Entrepreneurship: Getting Started
I started my company (EMJ) from the trunk of my car (and it was a small trunk so that’s a small business). I grew EMJ to $375,000,000 in sales prior to selling it to SYNNEX. I am now CEO of a $1 billion business. My successful blog at (jimestill.com) generates a lot of comments and questions. I want to share one of these thoughtful questions with you, and share my answer.
The question: "First off I just want you to know all I'm asking for is advice, which is the most valuable thing I can get right now. I have been working in a field of interest for many years now as a hobby. I've always had many very good ideas but I never had the resources to make them happen. I always figured it was because I was too young. Now I'm older, I have a job and I'm plagued with the same problem.
I'll have a great idea but it will usually be out of my range because I either do not have the technical ability, the funding or resources to make the idea I vision happen. My most recent plan evolved from my experience running similar websites, I found there was an un-fulfilled need. I decided to start judging the need for what I was offering so I did my homework and contacted over 130 other similar sites. Within a day I had 20 sites interested in what I had to offer. That's great and all but those 20 sites generate about 6 times the traffic I could handle. So once again I'm in the same position. I do not have the resources I need to properly execute my idea. My basic question, what is the best route to take when you have a great ideal that is more then you can handle. A little more about me, I'm 23 years old, I have been running web sites and involved in the industry for around 6 years. I have a good paying job in another industry which makes it even more difficult to make the "jump".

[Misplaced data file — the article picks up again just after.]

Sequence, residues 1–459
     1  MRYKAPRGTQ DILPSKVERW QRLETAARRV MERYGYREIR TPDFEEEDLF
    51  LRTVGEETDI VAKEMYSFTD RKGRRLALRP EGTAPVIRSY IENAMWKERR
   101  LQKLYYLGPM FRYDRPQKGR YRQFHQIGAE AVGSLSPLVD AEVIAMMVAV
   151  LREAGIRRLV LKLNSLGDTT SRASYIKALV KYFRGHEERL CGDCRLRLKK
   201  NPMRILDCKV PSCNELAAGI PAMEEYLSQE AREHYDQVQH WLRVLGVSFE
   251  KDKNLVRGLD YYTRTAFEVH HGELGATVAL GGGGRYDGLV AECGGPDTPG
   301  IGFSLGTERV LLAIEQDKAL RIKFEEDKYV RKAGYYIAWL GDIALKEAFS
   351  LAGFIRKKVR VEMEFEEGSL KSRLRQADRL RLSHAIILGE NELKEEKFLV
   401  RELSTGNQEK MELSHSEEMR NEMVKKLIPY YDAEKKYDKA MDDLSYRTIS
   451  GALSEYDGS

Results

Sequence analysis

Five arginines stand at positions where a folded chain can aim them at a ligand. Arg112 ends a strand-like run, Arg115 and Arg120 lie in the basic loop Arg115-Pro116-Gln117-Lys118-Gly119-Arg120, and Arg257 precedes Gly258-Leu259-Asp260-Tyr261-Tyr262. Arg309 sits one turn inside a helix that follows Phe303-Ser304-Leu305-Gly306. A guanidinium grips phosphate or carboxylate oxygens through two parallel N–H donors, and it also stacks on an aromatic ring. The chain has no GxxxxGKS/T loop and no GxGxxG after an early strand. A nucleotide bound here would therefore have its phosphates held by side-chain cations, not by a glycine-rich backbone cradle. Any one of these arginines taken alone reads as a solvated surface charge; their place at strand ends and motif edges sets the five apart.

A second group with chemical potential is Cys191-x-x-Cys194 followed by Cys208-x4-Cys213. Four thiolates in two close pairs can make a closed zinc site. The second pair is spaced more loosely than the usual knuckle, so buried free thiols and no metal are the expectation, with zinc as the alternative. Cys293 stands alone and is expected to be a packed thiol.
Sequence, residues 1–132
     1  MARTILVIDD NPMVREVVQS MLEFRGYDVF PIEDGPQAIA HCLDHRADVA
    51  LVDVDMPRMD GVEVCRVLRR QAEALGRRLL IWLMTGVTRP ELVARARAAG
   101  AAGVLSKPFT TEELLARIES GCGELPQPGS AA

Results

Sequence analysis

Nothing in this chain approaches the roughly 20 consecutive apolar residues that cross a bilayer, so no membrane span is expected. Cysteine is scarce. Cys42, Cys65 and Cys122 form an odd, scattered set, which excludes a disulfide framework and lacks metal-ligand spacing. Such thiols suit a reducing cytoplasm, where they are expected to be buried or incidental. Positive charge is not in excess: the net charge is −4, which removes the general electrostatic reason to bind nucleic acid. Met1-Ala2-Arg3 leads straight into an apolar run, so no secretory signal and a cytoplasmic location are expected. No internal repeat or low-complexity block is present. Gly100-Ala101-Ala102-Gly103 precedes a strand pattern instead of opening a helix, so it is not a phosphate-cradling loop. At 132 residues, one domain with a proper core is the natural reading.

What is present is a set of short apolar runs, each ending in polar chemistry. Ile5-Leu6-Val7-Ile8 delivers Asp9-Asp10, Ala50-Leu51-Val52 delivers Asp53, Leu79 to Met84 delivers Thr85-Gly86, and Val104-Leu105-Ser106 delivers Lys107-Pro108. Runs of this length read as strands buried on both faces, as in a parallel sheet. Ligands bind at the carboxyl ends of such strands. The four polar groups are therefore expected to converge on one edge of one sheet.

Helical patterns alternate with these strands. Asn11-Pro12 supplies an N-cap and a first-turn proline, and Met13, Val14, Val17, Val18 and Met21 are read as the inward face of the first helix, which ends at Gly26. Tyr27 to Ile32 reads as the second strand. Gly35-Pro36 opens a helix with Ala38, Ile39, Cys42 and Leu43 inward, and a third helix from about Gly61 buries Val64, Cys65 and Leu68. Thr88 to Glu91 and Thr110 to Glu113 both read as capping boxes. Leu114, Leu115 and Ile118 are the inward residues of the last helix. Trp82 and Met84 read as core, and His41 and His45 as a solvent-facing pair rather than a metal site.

Thank you for your time." My response: 1 - There is never a right time. Entrepreneurship involves risk. This means yous sometimes need to just jump. This said - I always say "fail often, fail fast, fail cheap" so I always look at the downside. 2 - It is very powerful to be under resourced. It will make you more resourceful and likely allow you to run a leaner more competitive business. 3 - I like to choose opportunities that are the right size for me now. This is a beautiful thing for business - there is always a right size business opportunity for everyone at every size. When you are starting from your basement, you can take a $100,000 opportunity and do well.
Bigger companies cannot do this so will leave you alone. 4 - When the opportunity is too big for me, I consider narrowing my scope. Instead of being the biggest seller of bar code equipment, be the bigger in bar code for warehouses etc. 5 - Consider partnering. It is better to have 10% of something that is worth something than 100% of an idea. 6 - Ideas are a dime a dozen. It is the implementation that counts. How often do you see a restaurant with a line outside and the one next to it goes bankrupt. All the time. Ideas are easy.
7 - I know a lot of people who almost start businesses. They are not successful. To steal from Nike - "Just do it". And do it now. Time is the enemy of ideas and business. Someone else has the same idea. It is the one who perfects it that wins.
Start Next Week Articles
Start Next Week Books